David Bittner: [00:00:03:16] SWIFT works with it's clients to improve security. ATMs get looted in Japan. A final follow-up on the realization that 2012s LinkedIn's breach was bigger than thought. So old, but really big. Operation Ke3chang is back, now new and improved with TidePool Malware. ISIS information ops turn to inspiration and may betray some uncertainty about the group's ability to hold its core territories in Syria and Iraq. British and American officials get some cyber policy advice from business. Investors in the cyber sector see recent corrections as, perhaps, a buying opportunity. And how they keep Mom safe online, Baltimore style.
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David Bittner: [00:01:08:19] I'm Dave Bittner, in Baltimore with your CyberWire summary from Monday, May 23rd, 2016.
David Bittner: [00:01:15:14] The SWIFT financial transfer system is working with its customers to stop theft of the kind and scale the Bangladesh Bank suffered earlier this year. It's promising a security upgrade and in the meantime it's offering suggestions for superior, more secure implementation to its partners in the financial sector. Among the initiative SWIFT advocates is more sharing about attempted breaches, particularly those involving fraudulent transfers. Indeed, the system has told its clients that they're obligated to provide such information under the terms of service.
David Bittner: [00:01:46:15] Another robbery occurred last week but this was unconnected with SWIFT. ATMs in Japan were systematically looted of ¥1.44 billion, roughly equivalent to $12.7 million US, in the early morning hours of May 15th. The fraud appears to have involved around 100 collaborators who used forged payment cards. Whether the card data came from skimmers or some other compromise is so far unclear, but The Guardian reports that the card information was obtained from a bank in South Africa. Investigation proceeds.
David Bittner: [00:02:19:07] The CyberWire heard from John Gunn, Vice President of Communications at VASCO Data Security. Gunn sees ATM fraud is likely to increase in the US as EMV cards, commonly called 'chip and pin' cards, come into more widespread use at retail point of sale systems. Criminals, he suggests, are likely to follow the path of least resistance towards ATMs. "It's easy for fraudsters to buy stolen cards to make unauthorized withdrawals but it's nearly impossible to commit theft if they must also have the intended victims mobile phone physically at the ATM machine at the same time." Gunn says large banks are moving to integrate ATM security into their mobile banking apps and that we can expect to see them leverage customer's mobile devices to reduce fraud across all channels.
David Bittner: [00:03:07:09] Last week's report of a breach at LinkedIn turns out, we've seen, to have been simply a recognition that the breach the business focused social network sustained in 2012 was much larger than realized. Some 117 million users credentials were discovered for sale as a commodity on dark net criminal markets. So, not a new breach but belated recognition that an old breach was more serious than realized.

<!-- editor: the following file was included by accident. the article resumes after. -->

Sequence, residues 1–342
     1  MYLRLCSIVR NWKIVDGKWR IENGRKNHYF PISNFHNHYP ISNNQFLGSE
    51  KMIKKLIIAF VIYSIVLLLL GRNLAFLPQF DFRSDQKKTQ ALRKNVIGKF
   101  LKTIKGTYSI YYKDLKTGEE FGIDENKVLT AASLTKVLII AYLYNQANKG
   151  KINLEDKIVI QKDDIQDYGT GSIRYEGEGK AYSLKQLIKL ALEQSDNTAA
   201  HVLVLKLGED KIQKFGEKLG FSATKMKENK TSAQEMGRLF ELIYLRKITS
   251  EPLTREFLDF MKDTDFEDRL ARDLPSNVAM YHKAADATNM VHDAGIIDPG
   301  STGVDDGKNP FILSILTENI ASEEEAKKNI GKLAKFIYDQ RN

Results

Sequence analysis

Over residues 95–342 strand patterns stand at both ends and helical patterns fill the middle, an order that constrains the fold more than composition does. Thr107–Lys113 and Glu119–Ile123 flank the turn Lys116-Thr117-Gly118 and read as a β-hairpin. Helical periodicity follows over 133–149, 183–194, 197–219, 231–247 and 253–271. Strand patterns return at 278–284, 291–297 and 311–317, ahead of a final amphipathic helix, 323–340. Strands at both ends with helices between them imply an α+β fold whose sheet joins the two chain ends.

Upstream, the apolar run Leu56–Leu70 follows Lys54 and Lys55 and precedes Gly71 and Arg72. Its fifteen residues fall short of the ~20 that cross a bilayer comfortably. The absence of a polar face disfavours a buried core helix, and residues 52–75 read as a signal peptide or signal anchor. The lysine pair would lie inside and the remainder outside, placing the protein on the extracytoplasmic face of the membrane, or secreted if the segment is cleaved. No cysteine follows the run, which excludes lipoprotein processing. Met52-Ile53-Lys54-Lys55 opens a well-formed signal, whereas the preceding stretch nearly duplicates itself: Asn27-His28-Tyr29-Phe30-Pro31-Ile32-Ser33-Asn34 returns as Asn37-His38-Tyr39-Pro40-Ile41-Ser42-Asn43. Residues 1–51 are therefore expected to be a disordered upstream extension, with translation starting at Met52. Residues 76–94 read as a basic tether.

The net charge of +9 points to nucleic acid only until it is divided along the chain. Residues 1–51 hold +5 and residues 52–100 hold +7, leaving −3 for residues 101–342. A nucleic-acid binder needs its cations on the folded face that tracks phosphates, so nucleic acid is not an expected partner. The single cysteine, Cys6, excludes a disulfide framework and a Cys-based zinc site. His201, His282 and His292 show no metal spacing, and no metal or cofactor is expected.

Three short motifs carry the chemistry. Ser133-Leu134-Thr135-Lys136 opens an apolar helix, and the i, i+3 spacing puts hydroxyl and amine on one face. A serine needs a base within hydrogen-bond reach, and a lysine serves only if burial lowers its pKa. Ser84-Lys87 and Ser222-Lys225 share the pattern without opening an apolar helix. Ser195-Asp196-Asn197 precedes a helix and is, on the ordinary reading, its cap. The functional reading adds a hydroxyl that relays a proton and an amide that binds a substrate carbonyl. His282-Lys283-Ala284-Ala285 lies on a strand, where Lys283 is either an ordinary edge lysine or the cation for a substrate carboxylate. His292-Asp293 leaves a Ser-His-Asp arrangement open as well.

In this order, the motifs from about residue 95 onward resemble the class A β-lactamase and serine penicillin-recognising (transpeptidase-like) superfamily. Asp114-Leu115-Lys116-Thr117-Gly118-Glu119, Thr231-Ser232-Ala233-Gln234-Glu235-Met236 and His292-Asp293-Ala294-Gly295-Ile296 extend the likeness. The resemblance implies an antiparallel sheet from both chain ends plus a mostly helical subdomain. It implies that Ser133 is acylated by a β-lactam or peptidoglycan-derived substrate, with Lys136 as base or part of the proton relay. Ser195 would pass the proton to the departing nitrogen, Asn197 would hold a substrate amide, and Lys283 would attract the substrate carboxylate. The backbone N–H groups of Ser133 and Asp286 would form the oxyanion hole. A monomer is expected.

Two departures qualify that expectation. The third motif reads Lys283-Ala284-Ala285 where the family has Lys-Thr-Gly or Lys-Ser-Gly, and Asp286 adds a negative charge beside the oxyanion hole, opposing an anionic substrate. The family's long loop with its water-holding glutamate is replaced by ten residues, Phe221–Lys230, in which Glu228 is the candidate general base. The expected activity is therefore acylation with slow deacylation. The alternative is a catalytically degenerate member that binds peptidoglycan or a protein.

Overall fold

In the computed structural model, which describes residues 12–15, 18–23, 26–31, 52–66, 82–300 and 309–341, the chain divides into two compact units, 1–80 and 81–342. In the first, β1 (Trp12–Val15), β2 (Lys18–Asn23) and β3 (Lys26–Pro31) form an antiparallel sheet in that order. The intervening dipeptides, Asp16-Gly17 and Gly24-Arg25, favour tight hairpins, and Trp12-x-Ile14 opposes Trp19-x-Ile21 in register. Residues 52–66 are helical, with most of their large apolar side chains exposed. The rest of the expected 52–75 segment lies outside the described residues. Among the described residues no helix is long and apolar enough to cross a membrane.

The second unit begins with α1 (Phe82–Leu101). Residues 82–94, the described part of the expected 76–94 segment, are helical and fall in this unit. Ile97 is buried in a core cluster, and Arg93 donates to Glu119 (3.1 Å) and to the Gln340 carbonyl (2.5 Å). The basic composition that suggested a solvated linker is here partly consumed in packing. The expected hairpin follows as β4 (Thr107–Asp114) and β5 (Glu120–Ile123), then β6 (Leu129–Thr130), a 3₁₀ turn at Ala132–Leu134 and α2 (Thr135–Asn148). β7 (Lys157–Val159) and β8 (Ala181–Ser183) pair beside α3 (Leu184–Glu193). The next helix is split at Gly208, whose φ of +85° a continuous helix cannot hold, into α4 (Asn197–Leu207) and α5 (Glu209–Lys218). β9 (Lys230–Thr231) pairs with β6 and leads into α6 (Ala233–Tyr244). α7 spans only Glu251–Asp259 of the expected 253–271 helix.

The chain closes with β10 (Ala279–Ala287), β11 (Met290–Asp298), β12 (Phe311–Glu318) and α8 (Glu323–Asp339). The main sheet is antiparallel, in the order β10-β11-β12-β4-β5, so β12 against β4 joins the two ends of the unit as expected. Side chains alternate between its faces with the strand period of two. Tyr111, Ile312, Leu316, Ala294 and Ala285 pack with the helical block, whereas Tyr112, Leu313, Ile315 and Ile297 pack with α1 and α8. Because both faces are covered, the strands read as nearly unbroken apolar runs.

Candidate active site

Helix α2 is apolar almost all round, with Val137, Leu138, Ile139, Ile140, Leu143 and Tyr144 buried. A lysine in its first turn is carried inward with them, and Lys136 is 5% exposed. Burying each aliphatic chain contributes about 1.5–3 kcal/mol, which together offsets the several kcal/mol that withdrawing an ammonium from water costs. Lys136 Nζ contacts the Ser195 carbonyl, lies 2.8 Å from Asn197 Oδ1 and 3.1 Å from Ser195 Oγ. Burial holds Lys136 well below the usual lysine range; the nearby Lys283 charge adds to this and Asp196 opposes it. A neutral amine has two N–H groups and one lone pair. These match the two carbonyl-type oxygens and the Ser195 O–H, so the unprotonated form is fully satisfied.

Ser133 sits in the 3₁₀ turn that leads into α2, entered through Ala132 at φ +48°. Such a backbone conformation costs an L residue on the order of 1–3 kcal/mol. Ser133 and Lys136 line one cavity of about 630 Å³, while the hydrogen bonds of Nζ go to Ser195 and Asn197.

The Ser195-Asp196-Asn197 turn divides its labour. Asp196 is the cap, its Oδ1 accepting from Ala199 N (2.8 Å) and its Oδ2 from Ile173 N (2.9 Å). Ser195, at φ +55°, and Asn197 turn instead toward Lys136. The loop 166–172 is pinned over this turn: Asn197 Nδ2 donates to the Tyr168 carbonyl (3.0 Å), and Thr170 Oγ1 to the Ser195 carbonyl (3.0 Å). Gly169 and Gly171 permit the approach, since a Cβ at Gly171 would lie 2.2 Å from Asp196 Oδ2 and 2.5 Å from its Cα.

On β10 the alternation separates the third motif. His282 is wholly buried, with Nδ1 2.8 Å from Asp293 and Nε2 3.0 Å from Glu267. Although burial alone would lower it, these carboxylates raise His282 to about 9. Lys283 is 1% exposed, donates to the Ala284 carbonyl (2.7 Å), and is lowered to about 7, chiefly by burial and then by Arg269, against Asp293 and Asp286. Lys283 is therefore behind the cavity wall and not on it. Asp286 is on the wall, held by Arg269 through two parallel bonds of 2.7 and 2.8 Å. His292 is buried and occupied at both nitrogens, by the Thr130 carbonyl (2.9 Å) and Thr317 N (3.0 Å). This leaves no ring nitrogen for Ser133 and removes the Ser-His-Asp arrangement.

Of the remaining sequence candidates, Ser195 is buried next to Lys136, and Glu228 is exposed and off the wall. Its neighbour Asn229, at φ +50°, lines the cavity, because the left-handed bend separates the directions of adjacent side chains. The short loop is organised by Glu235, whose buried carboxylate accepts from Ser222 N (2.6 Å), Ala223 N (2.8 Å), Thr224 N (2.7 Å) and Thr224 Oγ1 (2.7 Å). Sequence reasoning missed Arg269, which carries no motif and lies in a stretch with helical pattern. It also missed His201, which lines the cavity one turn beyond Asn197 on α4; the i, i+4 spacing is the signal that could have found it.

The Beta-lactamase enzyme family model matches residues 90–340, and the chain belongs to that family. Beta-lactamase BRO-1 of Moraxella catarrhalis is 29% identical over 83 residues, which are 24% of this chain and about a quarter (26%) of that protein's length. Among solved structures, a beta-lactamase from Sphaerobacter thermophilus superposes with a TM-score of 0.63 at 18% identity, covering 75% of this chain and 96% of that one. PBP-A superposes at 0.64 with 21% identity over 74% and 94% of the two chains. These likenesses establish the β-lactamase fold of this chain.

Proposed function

David Bittner: [00:03:31:17] Savvius' Director of Production Management, Jay Botelho, told the CyberWire that this case is an example of the way in which security experts have tended to be overwhelmed by poor quality data. The risk has been that even critical alerts can go unrecognized. Botelho says, "the good news is that automated data collection technologies are available today that help identify and capture the relevant network traffic for use in investigations, either at the time of an alert or months later." Such systems increasingly provide not only data, but sufficient context to examine a breach for what Botelho calls, 'the who, what, where and when'.
David Bittner: [00:04:10:15] We talk a lot about minimizing your attack surface, giving the bad guys and gals the least amount of opportunity to gain access to your network. One of the challenges these days, especially if your company has a bring-your-own device policy, is that most of those devices have one of more wireless systems built in like Wi-Fi or Bluetooth. Paul Paget is CEO of Pwnie Express.
Paul Paget: [00:04:31:01] We're used to seeing attacks come from afar through websites. We're used to seeing fishing attacks through email, and now we're starting to see attacks directed at users because of the susceptibility of the devices they carry. Those devices are bridges for the bad guy to get into the authorized network, because that user has credentials, so it's a stepping stone to get into the network.
David Bittner: [00:04:57:05] Paget says many companies are vigilant about protecting their internal network but have a harder time knowing what's going on in the wireless spectrum all around them.
Paul Paget: [00:05:05:16] So it started with the simple idea of, hey, can you show us what's communicating in and around our network, because we can't see this stuff anymore? We've actually tightened our firewalls and our rules so much that we can only see the devices that we know, authorized and provisioned, we can't see devices that are communicating wirelessly. To do this, you do need something with an antenna or receiver so you can see the signals. Fortunately the devices that we all use broadcast a lot of information about themselves, we can see all that, and all the intelligence is fed centrally into a cloud-based application.
David Bittner: [00:05:43:16] It's important to look for attackers trying to hit your Wi-Fi of course, but Paget warns it's not unusual to see vulnerable access points added to a network through the course of doing normal day-to-day business.
Paul Paget: [00:05:54:03] The kinds of things we see as anomalies are pretty interesting, things that are mis-configured by employees. Somebody comes in an plugs in an HP printer, you plug it into the network, it's a network printer. But the Wi-Fi is on by default and password is password, so it's an open connection, not just to that printer but also to that network that anyone can access. Those are the kinds of things that become a risk to the organization.